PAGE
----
Why Drinking With Coworkers Is So Important In Japanese Work Culture
By Kay Sakamoto
On November 14, 2015
In Japan, dining and drinking with your coworkers is very common, in fact it can be an unspoken requirement in some companies. Many Japanese feel that after work parties are an important way to enhance relationships. It can be useful to understand who your coworkers are, their typical mindset when they are relaxed and outside of the office.
The background of this activity may have a lot to do with the fact that lifetime employment was the standard in Japan for a long time. Establishing good relationship with your coworkers was very important as you may spend nearly forty years with them. It even had a name – nominication (coined word combining “nomu(drinking)” and “communication”).
In a typical Japanese company every aspect of the employee’s work is regulated. Everyone is seated right at the start of the day, lunch is strictly one hour from twelve noon sharp. Talking with your colleagues is considered as “shigo (private talk)” and should be kept to a minimum. Since there is not much room for establishing good or personal relationships at work, it was taken outside office where it won’t disturb their time dedicated to the company.
Bosses, “Joshi,” and senior team members ,“Senpai,” invite the team, “Buka,” or junior staff, “Kohai,” to a quick dinner or a drink (which is never quick nor just one drink). The invitation is often with good intentions, to give them a chance to talk in case they had issues at work. Even if the conversation is not interesting, most of the Buka and Kohai just deal with it as it usually means a free drink or meal at a place they could not afford on their own.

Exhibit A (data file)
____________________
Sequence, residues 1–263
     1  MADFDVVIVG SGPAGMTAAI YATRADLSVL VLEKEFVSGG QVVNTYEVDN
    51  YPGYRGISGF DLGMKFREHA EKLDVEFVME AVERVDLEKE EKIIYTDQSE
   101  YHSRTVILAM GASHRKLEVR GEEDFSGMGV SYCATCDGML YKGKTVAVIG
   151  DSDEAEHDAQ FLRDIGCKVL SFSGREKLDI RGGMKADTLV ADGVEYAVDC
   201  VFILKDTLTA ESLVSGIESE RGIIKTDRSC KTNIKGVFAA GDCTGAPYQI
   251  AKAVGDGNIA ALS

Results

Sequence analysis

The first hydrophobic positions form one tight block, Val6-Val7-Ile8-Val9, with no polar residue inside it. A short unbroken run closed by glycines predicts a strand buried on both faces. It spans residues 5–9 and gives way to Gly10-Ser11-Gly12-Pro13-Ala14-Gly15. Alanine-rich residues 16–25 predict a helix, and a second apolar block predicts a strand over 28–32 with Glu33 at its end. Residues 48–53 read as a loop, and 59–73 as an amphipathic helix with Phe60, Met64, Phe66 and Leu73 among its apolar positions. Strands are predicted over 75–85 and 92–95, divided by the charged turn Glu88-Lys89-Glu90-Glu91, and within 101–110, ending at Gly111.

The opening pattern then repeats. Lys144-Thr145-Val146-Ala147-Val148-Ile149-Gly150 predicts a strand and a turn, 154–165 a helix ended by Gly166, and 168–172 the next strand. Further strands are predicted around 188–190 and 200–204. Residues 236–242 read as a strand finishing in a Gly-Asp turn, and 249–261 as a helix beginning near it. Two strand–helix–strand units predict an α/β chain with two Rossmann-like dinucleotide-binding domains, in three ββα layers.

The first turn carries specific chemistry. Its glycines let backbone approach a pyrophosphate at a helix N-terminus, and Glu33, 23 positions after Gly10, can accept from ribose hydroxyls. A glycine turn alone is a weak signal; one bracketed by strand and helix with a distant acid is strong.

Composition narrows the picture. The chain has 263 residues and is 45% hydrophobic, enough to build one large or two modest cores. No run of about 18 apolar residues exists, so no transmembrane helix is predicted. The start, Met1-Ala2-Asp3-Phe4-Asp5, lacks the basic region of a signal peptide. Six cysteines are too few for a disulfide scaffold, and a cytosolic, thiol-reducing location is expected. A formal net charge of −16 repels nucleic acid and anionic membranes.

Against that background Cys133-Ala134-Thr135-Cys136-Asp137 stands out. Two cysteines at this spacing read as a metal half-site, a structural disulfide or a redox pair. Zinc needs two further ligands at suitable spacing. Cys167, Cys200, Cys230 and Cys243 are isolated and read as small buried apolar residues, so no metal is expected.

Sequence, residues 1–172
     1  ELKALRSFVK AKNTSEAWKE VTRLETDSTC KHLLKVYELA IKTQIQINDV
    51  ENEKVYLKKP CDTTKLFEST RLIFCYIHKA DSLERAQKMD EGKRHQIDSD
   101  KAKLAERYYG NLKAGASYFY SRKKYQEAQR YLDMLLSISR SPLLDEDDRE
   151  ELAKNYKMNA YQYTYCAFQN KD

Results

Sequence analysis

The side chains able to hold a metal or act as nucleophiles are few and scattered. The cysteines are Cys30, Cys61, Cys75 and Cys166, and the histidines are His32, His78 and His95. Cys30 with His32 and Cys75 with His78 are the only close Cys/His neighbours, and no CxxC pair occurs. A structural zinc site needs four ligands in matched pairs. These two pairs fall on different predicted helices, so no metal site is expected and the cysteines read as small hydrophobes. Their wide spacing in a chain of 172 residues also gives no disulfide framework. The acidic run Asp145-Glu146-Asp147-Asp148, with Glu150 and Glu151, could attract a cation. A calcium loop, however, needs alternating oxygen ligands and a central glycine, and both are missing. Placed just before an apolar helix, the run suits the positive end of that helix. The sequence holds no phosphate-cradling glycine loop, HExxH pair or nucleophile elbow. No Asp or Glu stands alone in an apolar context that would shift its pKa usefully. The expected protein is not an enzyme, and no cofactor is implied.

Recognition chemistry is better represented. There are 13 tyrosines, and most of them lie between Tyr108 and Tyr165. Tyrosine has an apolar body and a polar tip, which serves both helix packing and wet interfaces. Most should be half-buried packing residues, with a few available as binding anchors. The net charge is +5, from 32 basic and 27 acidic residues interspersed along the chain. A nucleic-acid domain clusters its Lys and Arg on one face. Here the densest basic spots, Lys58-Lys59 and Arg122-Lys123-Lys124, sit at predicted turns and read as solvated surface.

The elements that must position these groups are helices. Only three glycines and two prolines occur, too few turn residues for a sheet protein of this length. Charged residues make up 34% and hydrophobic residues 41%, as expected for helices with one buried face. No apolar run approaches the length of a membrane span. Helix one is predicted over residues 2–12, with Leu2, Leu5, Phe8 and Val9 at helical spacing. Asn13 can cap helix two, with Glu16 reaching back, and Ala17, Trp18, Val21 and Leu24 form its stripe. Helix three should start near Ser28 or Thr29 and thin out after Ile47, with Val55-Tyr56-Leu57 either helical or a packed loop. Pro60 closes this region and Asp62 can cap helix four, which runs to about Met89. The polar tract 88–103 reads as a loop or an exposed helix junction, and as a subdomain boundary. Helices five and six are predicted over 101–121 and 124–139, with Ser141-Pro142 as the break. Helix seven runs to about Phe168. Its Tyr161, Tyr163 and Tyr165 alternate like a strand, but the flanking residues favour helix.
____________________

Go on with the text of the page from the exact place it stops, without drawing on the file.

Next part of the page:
A common saying in Japan is, “if you want to work your way up the corporate ladder you have to drink”. This was how many older generation workers established relationships and considered this the normal way of doing business.
The corporate life and culture has changed a lot in the last decade or so. The work environment is more flexible and accommodates the needs of individuals according to their lifestyle and stage of life. Career changes are more common and easier. If one corporate culture is not a fit, moving on is an option and there is less emphasis on building relationships that need to last a lifetime. The majority of the younger generation who started their career in such environment with more freedom tends to spend less time with their coworkers, and focus more on their life and relationships outside work.
A lot of those who experienced the culture of dining and drinking with coworkers agree that they did benefit from the time spent. They found it easier to talk to their boss in a relaxed atmosphere outside work. Relationships with coworkers developed closer after casual talks, sharing concerns about their work or about other coworkers. Some become more than just a coworker and a friend. A lot of Japanese coworkers marry one another. How does that happen? Like many other relationships, dining brought them closer, and even luckier ones found their future partner.
The bonenkai (year end party) / shin-nenkai (new year party) season is coming up. If you never tried it, I would recommend giving some thoughts to join in. You could be pleasantly surprised how entertaining some of your colleagues (and even bosses) are once they step outside office!